Some Limitations of “Challenges in the Care of Transgender and Gender-Diverse Youth:AnEndocrinolog"
There is significant disagreement about how to support trans-identified or gender-dysphoric young people. Different experts and expert bodies make strikingly different recommendations based upon the same (limited) evidence. The US-originating “gender-affirmative” model emphasizes social transition and medical intervention, while some other countries, in response to evidence reviews of medical intervention outcomes, have adopted psychological interventions as the first line of treatment. A proposed model of gender-affirming care, comprising only medical intervention for “eligible” youth, is described in Rosenthal (2021). Determining eligibility for these medical interventions is challenging and engenders considerable disagreement among experts, neither of which is mentioned. The review also claims without support that medical interventions have been shown to clearly benefit mental health, and leaves out significant risks and less invasive alternatives. The unreliability of outcome studies and the corresponding uncertainties as to how gender dysphoria develops and responds to treatment are also unreported.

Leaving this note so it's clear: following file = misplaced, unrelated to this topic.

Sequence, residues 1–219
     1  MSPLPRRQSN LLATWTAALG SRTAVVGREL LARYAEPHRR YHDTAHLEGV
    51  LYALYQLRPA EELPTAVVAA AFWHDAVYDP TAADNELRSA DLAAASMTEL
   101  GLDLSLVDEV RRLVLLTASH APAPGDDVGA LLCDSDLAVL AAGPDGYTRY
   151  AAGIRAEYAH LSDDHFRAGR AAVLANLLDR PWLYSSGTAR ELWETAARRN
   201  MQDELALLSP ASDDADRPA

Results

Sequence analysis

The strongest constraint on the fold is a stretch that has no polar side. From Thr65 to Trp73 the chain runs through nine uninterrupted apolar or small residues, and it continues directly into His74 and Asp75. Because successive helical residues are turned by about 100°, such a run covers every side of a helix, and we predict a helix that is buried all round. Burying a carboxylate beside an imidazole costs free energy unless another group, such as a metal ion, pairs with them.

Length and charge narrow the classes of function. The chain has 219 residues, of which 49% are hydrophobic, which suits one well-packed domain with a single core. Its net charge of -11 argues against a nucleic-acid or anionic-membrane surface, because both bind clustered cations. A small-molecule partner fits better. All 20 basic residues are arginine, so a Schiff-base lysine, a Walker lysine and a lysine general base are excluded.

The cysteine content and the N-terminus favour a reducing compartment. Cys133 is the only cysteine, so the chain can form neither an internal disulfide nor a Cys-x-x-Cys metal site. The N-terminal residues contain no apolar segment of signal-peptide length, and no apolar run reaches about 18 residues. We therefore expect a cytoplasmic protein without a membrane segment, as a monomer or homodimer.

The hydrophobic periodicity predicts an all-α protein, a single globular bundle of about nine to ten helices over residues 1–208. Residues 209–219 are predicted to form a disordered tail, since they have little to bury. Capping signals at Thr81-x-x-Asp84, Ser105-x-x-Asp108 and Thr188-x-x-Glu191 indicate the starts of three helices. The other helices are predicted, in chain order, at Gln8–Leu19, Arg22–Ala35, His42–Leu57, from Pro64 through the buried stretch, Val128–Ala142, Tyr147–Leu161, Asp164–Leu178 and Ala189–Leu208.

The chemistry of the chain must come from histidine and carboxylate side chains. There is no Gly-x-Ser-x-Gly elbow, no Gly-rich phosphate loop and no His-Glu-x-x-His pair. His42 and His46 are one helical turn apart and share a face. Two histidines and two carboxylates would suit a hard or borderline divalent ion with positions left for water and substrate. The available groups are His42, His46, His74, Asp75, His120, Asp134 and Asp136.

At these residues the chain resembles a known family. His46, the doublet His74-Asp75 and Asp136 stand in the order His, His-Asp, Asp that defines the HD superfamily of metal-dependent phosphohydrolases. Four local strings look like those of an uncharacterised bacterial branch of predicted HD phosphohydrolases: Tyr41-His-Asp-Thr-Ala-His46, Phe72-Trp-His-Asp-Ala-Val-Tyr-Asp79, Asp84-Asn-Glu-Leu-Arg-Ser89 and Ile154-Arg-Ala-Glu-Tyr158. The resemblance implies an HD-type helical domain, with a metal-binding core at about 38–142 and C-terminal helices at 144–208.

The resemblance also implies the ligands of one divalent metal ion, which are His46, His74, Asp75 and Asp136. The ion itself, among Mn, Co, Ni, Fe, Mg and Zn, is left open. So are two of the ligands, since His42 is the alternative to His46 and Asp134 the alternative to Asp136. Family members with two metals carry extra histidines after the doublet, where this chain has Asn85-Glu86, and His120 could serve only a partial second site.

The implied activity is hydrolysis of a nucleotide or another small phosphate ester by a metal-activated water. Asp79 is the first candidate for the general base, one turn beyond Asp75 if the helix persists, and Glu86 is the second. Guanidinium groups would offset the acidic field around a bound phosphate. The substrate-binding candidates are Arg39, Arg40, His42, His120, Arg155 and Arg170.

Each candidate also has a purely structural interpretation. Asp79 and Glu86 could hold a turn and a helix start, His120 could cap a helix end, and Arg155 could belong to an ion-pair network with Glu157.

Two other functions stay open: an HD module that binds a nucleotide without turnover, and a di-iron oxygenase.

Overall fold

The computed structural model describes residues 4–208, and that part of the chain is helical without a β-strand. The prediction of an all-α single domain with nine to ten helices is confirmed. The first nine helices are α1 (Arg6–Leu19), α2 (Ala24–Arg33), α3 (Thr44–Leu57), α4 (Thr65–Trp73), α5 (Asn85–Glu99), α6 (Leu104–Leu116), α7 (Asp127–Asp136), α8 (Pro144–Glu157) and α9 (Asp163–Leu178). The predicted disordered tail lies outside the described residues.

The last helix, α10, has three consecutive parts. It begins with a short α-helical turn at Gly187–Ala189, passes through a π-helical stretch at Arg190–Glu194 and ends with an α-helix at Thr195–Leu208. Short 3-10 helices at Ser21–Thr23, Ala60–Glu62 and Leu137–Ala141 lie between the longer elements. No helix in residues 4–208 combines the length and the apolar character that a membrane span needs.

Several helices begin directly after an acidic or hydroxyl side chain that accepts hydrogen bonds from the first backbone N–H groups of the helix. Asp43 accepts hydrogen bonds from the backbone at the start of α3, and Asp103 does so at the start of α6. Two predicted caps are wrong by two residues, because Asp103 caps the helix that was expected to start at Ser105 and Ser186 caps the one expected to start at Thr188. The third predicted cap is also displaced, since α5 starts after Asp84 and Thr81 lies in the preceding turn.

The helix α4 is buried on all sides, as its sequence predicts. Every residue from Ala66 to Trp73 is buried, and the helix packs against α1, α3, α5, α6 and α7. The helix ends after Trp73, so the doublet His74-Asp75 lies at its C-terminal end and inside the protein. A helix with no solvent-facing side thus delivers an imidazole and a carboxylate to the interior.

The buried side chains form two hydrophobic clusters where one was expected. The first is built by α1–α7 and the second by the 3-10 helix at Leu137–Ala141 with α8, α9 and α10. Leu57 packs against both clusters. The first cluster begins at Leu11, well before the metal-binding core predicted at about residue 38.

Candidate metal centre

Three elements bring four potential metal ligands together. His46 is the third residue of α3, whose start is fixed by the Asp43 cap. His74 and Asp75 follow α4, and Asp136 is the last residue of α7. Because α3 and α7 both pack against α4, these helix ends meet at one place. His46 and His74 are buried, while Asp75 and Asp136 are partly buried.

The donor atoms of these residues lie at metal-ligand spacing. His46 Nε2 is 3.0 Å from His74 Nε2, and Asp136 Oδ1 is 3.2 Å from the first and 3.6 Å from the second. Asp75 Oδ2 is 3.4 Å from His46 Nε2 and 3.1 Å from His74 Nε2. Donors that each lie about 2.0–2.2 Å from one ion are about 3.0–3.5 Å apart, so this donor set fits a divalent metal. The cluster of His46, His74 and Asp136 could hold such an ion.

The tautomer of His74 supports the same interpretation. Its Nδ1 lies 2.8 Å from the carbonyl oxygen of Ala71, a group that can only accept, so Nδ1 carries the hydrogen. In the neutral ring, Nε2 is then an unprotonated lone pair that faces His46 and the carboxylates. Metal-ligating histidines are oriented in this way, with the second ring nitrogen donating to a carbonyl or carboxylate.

There has been a rapid rise in reported cases of gender dysphoria and trans-identified youth in the last few years (de Graaf, Giovanardi, Zitz, & Carmichael, 2018; Cass, 2021; American College Health Association, 2021). Gender dysphoria (GD) is a distressing condition that requires compassionate care (American Psychiatric Association, 2020), but neither gender dysphoria itself nor what constitutes best care are well understood. Gender dysphoria appears to have many different etiological influences, with biological, cultural, social, and psychological factors, and a variety of pathways to resolution (several presentations and pathways are shown in Figure 1, reproduced from the Cass Interim Report [Cass Review, 2022a, page 57]). It has been suggested that many forms of gender dysphoria exist, including childhood onset which typically resolves and is associated with adult homosexual orientation (Ristori & Steensma, 2016; Singh, Bradley, & Zucker, 2021), a condition (paraphilia) observed in older men (Blanchard, 1989; Bailey & Blanchard, 2017), and other less-understood presentations that appear to be associated with comorbid mental illness, autism spectrum disorders, trauma, or other mental health issues (Bockting, Knudson, & Goldberg, 2006; Churcher-Clarke & Spiliadis, 2019; Evans & Evans, 2021; Evans, 2022; Lemma, 2018; Parkinson, 2014; Withers, 2020).
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